which I should keep in the forefront of my mind. They should effect my actions more frequently.

With this being the season that focuses on the Incarnation, I thought it appropriate to once again reflect on the core message of the Gospel. The Good News is that God is Love and that love became flesh. May the Good News illuminate you this holiday season.

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Sunday, December 02, 2007

Commercialization of Christianity, not just Christmas

During the holidays, American consumerism reaches fever pitch as everyone rushes out to buy festively-wrapped goods. Do you think the wise men are to blame for “Black Friday?” People clamor over the latest toys and electronics for their kids, even succumbing to fisticuffs in the heat of the holiday rush. Can you imagine Mary and Joseph duking it out with patrons at the Bethlehem Inn for a place to stay??

The conquest of Christmas by consumerism is certainly not a new wave fad. Its an age old fashion in the United States. And sadly it is the by-product of the commercialization of Christianity, not just Christmas.

Just look at the state of the American church what with grand cathedrals called mega churches, home to bookstores, coffee shops, escalators and ATMs. Sorta sounds like a shopping mall, doesn’t it? There are books, DVDs, compact discs, artwork, Bibles, study guides and more available for a hefty profit…all to benefit “the ministry.” Take a second look at the lavish lifestyles of the new American pastor/CEO. I won’t delve into the scandalous Congressional inquiry of these ministers, as I think Columnist John Whitehead summed it up quite well in his recent commentary.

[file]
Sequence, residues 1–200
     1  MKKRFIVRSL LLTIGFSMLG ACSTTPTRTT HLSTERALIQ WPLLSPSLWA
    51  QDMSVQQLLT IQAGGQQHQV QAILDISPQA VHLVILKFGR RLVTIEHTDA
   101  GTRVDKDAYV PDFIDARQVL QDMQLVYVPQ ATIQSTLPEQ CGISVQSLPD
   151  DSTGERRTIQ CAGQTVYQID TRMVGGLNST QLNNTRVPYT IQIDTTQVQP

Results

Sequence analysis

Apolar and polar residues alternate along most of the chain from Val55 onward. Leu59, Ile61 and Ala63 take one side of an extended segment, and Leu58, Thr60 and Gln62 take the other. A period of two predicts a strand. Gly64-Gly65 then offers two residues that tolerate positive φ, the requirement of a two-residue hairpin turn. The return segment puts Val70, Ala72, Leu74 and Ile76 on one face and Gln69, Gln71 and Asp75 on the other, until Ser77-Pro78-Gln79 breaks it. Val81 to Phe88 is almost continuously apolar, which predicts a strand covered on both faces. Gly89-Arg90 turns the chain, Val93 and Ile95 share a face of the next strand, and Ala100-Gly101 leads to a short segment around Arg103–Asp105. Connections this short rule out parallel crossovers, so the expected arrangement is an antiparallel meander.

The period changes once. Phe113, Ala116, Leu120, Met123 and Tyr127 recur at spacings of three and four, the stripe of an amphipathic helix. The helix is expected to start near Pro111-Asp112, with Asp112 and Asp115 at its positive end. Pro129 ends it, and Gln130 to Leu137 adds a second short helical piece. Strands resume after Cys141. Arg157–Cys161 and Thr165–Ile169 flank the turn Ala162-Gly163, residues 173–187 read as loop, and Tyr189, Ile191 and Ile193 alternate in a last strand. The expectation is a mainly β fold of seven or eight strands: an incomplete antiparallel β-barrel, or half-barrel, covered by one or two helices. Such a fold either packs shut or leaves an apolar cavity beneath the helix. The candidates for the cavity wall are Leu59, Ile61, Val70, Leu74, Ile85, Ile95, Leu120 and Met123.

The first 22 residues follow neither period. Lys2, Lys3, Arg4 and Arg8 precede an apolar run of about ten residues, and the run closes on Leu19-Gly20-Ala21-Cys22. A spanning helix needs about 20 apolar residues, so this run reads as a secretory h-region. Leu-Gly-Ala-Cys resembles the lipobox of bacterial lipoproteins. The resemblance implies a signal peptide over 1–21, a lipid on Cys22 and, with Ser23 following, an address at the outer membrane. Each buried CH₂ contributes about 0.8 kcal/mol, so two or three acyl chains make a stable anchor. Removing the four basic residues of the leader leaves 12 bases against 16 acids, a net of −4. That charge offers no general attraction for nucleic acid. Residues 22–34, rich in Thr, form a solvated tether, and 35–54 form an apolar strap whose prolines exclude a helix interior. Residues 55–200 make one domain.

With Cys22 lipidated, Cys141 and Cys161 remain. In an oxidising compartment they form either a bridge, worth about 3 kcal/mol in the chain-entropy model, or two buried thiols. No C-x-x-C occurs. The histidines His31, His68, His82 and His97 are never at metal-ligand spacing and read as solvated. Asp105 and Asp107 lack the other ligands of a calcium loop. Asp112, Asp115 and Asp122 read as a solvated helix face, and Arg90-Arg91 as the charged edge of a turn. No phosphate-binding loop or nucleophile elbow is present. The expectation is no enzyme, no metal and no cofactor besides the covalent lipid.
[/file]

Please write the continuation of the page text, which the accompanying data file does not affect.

How did we let Christianity in America become so commercialized? There’s not a marketing solution to the problem of sin in the world. There’s just you and me, The Church.

So next time you want to rant about the commercialization of Christmas, take a look in your own church first. Has it become so “seeker sensitive” and introverted that it’s lost its missional focus? Do the people come first or the programs? And what are you doing to change it?

I don’t intend this blog entry to be a total rant, so I’ve included links below to some solutions to help combat the consumeristic approach to the holiday:

Unplugging Christmas

The Buy Nothing Movement

Help Others

Also, I found this guy’s blog an interesting take coming from a Jewish perspective.

The "me-first pandemic" has infected the church, so it is no wonder that Santa and the almighty dollar have replaced the Christ child and the true spirit of giving (i.e. putting others first). Heck, it's hard enough to find Christ or his greatest commandment at the center of what's become American Christianity over the last two centuries. Not to bah-humbug your holidays or rain on your Christmas parade, but think about this next time you're standing in a long line at 5 a.m. outside Wal-Mart or waiting with debit card in hand for your pre-liturgy latte'.